DUBAI (Reuters) – Kuwait’s Constitutional Court on Wednesday overturned an article of the penal code criminalising the imitation of the opposite sex, in a move welcomed by Amnesty International as a “major breakthrough” for transgender rights in the Gulf Arab region.
The court said in a statement on its website that article 198 was unconstitutional because it did not provide “objective standards” to identify the offence, and that the general phrasing risked violating personal freedoms.
Amnesty International said the court in December had accepted a legal challenge to the article, which was amended in 2007 to criminalise “imitating the opposite sex in any way”, punishable by up to one year in jail and a fine.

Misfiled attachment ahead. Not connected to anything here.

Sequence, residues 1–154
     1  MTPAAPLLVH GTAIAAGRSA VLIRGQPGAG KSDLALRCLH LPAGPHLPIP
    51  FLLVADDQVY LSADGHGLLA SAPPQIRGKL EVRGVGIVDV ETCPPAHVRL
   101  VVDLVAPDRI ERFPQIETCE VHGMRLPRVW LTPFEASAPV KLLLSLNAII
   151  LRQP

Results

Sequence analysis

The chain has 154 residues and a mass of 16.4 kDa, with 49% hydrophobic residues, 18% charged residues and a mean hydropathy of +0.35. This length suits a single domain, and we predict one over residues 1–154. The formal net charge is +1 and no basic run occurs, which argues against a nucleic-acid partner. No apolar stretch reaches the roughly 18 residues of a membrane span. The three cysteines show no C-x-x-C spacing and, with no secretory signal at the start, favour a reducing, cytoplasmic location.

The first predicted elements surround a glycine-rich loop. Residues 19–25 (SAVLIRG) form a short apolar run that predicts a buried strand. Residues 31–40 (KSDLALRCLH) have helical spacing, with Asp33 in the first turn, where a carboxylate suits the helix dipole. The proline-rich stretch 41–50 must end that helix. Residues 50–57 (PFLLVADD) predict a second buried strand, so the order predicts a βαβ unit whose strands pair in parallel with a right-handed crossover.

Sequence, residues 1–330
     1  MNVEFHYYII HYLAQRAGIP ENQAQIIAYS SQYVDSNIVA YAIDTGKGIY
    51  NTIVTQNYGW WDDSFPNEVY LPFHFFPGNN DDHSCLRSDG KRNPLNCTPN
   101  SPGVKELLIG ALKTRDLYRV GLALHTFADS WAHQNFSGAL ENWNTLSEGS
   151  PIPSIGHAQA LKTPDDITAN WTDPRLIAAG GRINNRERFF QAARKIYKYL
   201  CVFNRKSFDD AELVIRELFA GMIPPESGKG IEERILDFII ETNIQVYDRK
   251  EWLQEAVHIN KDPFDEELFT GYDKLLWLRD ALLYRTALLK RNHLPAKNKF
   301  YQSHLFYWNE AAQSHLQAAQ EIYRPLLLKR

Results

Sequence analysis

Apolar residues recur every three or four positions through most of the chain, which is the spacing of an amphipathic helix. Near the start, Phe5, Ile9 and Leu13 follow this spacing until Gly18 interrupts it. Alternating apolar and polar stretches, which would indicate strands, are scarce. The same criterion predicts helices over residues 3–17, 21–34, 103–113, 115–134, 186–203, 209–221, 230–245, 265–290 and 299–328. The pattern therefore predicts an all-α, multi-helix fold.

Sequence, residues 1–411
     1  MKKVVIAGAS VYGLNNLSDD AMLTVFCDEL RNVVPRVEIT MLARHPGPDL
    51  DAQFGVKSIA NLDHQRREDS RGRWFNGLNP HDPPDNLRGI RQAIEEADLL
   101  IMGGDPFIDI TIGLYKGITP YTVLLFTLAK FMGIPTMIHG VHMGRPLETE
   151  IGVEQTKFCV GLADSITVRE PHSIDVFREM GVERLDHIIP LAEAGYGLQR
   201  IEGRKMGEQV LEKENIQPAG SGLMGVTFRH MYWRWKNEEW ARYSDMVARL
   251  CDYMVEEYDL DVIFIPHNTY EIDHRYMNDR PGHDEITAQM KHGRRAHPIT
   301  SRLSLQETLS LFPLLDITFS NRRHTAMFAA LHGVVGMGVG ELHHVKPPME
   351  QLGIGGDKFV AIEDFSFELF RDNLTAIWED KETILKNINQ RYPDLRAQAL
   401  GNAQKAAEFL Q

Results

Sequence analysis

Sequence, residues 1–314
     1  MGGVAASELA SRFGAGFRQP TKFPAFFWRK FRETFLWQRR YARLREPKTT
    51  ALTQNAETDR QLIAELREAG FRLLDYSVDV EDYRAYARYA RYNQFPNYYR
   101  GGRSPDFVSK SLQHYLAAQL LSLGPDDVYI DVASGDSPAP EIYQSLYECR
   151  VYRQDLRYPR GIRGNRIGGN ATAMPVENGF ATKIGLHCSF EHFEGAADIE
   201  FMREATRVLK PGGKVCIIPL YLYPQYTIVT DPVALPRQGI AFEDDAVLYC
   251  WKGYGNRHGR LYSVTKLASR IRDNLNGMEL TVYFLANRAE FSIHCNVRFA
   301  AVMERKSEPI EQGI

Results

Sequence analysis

“The Kuwaiti authorities must now ensure that Article 198 is repealed in its entirety,” Amnesty said in a statement, describing it as deeply discriminatory and overly vague.
It urged them to release those imprisoned under the article, including transgender Kuwaiti woman, Maha al-Mutairi, who was sentenced last October to two years in prison for imitating the opposite sex online, among other charges.
“They must also immediately halt arbitrary arrests of transgender people and drop all charges and convictions brought against them under this transphobic law,” it added.
Parliamentarian Osama Al Munawer said in a Twitter post after Wednesday’s ruling that another amendment would be sought to address “shortcomings in the legislative drafting”.
Nearby gulf state Oman in 2018 amended its penal code to punish a man who “publicly appears in the likeness of women in his dress or guise” with imprisonment of between one month and a year, along with a fine.